Dir: Guy Green | Cast: Richard Attenborough, Pier Angels, Michael Craig, Bernard Lee, | UK Drama 85′
I lived in Ipswich from 1967 to 1976 and actually recognised my old school playground in the only picture that I’m aware of being shot in what Alan Whicker described as “a small industrial town”.
Ten years after British cinema had already grappled with the ‘unsexy’ subject of labour relations during the Attlee years in Chance of a Lifetime (1950), with Macmillan now in Number 10 the issue continued to provoke controversy and debate, when fresh from portraying a shifty boss in I’m All Right Jack – under the direction of Guy Green with whom he’d just made SOS Pacific – Richard Attenborough joined the workforce in Britain’s answer to On the Waterfront which also praised the courage of a strike breaker standing up to threats and intimidation; complete with the final savage beating of the hero.
Italian actress Pier Angeli is deeply touching as Attenborough’s pregnant wife, and the film displays a new rawness in sexual matters. As in I’m All Right Jack the owners are portrayed as stupid, remote and venal, a factor overshadowed as in the former by the unflattering and libellous portrayal of trade unionists needing in UK critic Alexander Walker’s words “only bedsheets and fiery crosses to become a Ku Klux Klan purge”.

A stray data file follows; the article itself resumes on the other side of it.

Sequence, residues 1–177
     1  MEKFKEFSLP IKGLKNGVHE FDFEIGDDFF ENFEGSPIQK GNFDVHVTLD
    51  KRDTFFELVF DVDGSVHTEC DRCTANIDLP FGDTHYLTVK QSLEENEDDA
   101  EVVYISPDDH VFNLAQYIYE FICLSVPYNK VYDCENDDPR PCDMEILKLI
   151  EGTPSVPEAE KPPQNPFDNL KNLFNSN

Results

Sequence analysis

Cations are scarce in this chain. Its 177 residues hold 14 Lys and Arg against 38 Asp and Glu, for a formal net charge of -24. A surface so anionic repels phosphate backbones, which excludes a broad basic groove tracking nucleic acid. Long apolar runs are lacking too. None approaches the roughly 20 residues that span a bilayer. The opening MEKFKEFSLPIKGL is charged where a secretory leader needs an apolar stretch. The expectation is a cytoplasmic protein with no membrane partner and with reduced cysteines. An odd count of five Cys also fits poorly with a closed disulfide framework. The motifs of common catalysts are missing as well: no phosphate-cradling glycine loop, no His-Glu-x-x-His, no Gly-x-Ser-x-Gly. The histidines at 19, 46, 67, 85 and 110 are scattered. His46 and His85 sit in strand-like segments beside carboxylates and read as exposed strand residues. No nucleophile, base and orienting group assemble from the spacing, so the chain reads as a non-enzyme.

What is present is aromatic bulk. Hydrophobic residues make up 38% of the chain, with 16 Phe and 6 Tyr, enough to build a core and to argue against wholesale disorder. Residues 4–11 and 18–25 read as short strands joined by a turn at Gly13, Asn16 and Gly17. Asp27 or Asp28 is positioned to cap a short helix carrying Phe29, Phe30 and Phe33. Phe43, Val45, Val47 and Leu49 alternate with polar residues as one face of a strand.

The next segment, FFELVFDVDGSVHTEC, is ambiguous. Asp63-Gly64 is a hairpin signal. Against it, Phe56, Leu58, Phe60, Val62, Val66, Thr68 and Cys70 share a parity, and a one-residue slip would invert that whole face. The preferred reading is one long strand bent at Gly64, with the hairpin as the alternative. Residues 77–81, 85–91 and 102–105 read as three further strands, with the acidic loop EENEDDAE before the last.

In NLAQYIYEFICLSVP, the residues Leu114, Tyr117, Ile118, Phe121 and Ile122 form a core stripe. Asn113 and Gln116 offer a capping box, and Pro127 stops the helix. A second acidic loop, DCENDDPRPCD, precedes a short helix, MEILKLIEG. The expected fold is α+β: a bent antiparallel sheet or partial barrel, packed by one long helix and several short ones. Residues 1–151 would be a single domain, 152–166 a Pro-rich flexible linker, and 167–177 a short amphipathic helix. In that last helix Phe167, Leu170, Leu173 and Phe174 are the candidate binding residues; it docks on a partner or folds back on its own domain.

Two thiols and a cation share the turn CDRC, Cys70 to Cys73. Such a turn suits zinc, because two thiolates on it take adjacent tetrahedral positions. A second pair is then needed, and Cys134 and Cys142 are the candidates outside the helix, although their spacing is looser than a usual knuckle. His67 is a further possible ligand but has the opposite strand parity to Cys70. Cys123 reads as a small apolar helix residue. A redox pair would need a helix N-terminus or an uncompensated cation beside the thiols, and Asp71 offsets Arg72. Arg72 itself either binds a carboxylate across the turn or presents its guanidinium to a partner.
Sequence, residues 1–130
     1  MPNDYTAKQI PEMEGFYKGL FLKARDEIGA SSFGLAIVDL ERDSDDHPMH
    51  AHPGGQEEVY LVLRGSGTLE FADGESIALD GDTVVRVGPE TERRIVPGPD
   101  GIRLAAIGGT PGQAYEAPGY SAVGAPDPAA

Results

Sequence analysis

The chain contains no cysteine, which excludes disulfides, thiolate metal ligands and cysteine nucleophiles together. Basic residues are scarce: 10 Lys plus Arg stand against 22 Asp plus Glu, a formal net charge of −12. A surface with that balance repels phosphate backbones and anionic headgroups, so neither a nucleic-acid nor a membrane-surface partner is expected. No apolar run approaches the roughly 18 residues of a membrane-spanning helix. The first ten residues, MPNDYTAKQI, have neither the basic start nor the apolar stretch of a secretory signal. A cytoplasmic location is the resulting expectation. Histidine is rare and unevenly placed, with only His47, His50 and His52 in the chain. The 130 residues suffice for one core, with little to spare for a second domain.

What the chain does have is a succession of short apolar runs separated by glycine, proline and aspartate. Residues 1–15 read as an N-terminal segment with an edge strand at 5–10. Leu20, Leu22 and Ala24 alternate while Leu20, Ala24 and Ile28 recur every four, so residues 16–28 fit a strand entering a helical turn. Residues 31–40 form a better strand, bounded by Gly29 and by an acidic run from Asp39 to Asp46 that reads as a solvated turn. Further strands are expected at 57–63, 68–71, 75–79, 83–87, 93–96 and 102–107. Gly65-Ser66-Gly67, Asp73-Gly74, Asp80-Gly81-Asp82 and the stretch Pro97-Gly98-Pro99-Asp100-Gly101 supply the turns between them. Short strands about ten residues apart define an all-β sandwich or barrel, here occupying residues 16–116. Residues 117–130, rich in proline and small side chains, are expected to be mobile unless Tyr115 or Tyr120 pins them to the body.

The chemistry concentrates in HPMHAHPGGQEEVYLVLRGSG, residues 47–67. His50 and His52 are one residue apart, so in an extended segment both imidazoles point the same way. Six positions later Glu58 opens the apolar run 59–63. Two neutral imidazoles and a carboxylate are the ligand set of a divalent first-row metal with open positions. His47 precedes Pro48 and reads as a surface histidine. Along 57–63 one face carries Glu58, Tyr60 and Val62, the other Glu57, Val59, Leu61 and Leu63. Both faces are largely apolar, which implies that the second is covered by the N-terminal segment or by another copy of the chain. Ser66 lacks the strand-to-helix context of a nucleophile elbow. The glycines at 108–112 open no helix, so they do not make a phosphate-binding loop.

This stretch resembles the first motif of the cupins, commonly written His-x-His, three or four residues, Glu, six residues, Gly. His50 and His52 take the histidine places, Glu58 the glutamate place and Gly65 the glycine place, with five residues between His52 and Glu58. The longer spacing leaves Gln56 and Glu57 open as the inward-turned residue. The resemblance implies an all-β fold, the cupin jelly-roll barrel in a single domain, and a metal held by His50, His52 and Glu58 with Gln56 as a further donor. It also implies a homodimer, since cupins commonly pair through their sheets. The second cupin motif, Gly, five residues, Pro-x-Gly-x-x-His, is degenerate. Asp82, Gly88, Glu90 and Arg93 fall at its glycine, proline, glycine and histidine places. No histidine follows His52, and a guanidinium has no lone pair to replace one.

Originally titled A Dangerous Game, it was made on a shoestring and took still another ten years to break even; all the time drawing criticism from the likes of Ken Loach for its portrayal of the workers as mouth-breathing teddy boys (Michael Craig grew an enormous pair of sideburns for the film) unwittingly being used as cannon fodder by sinister agitator Alfred Burke (described by Walker as passing “through the strike-hit factory like a bacillus through the human body”). While it’s picture of the popular press (including writer Bryan Forbes helping cut costs by contributing an uncredited bit as a reporter) stirring the pot still resonates today. @RichardChatten